Email Design : The ‘How To’ Guide

TL;DR, TL;DR is a popular internet slang and translates to, ‘Too Long, didn’t read’. It is used when someone comes across a big block of text that does not capture the reader’s attention for much time. TL;DR, unfortunately, applies to emails as well.An email containing a big block of text is most likely to be ignored, deleted from the inbox or in worst cases unsubscribed from. If you just send a big block of text across to your reader without focussing on a proper design, the email would never be able to have its intended effect on the reader. Email design is not an afterthought, or a decoration. It is an essential and crucial aspect of every email.

A great email shouldn’t be a conflict between content and design. A great email uses design to accentuate and improve the content. Design is just as important as content in delivering a compelling email. Content will always be the king but the way that content is presented, will determine the fate of that content. Excellent content delivered through an equally compelling design is attainable, provided one is in the right mindset. To quote Steve Jobs, “Design is not just what it looks like and feels like. Design is how it works.” In an increasingly mobile world, great design helps you in providing a great experience to your readers. People won’t spend much time in reading your emails, so you only have a few seconds to deliver your message before the reader says, TL;DR..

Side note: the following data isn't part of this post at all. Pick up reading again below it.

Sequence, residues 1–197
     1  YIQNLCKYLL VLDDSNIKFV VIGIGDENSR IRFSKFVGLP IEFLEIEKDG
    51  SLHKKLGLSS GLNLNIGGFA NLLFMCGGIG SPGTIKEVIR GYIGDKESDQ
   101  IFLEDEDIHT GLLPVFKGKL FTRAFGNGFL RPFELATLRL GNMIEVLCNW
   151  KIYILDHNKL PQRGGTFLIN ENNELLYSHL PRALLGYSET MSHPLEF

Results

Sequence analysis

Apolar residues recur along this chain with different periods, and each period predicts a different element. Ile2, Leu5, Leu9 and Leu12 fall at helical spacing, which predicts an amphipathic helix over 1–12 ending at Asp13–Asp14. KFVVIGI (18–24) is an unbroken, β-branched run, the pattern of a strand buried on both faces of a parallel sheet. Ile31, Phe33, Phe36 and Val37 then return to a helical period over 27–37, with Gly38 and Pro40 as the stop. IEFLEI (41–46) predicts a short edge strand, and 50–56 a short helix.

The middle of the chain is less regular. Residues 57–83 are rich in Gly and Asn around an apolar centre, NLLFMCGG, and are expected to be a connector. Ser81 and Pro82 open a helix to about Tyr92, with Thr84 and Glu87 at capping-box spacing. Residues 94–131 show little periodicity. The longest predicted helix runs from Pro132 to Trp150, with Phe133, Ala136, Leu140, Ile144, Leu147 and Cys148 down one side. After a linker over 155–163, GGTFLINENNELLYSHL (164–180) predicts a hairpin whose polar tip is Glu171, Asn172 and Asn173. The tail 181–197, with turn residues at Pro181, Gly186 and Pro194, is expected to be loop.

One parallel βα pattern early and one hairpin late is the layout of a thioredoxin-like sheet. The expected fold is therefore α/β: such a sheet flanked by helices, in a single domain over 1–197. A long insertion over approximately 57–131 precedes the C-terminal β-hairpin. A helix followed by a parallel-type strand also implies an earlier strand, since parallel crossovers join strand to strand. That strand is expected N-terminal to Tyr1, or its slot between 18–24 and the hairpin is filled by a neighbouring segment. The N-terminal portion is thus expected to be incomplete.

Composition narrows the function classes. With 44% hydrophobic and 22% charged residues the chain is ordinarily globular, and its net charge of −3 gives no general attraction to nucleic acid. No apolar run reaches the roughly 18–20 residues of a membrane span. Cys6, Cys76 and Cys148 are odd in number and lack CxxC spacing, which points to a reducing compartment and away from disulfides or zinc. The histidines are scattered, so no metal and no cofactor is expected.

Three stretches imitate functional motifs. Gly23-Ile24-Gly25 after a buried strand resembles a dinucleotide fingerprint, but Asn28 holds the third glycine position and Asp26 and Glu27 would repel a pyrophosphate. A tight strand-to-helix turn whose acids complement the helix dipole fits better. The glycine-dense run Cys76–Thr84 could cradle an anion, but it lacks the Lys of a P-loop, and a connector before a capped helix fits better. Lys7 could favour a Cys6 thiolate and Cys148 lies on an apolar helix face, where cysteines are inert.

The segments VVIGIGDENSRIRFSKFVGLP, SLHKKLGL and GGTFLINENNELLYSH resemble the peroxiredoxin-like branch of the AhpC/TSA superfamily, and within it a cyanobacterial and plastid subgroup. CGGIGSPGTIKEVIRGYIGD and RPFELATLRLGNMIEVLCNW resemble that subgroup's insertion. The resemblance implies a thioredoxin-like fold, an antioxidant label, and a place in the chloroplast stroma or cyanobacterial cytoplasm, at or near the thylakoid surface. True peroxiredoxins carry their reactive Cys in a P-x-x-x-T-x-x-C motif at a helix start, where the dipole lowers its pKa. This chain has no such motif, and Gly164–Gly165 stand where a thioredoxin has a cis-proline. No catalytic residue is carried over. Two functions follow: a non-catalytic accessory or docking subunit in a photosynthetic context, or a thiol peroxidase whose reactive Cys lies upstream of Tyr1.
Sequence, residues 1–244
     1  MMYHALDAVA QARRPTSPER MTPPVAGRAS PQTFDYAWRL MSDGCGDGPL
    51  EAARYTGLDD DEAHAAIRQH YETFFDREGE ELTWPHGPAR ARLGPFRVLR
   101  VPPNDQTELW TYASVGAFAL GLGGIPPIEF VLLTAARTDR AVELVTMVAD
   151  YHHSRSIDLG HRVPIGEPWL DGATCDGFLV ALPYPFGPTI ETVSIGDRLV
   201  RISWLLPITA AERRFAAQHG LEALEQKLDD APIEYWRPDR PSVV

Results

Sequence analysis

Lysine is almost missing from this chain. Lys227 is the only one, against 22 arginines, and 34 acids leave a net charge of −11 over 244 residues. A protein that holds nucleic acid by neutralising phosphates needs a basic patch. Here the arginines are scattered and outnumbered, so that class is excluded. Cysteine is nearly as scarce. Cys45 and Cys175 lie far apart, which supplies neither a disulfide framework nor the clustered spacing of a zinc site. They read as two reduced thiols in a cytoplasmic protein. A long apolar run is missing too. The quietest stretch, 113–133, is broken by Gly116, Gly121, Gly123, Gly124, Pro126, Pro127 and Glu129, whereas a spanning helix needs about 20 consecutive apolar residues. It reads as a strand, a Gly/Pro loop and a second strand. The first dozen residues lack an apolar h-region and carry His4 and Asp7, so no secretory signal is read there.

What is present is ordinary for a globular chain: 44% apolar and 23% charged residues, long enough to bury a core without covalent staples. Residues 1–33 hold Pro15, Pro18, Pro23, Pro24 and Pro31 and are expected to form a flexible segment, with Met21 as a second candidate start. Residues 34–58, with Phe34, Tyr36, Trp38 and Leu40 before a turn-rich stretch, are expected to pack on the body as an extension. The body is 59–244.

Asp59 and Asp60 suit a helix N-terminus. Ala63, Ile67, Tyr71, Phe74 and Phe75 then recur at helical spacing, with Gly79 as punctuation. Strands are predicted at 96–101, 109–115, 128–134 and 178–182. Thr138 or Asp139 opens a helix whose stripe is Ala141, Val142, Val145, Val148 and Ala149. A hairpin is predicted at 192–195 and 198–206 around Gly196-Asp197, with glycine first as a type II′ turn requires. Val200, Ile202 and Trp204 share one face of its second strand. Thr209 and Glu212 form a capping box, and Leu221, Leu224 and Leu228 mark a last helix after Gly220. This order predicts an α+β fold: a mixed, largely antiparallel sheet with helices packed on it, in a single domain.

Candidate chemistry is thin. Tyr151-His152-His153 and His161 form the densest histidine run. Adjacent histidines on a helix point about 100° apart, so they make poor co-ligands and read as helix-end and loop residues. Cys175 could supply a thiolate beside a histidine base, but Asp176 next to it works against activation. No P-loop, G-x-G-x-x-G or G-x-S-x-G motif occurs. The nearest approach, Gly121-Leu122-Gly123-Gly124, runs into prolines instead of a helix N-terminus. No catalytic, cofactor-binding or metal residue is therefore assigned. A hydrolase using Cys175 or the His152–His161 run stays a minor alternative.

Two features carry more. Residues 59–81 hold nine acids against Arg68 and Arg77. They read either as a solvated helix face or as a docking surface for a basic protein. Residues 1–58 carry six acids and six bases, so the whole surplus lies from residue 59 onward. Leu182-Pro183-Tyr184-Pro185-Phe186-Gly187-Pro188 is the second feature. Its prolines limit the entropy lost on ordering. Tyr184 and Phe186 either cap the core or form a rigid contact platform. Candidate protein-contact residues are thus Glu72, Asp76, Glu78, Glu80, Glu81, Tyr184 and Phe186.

Why is good email design important ?

First,great design also helps create a consistent experience for everyone who receives your emails. Put yourself in the shoes of your recipient. What would they want their experience to be like? How would they like to interact with and consume your content?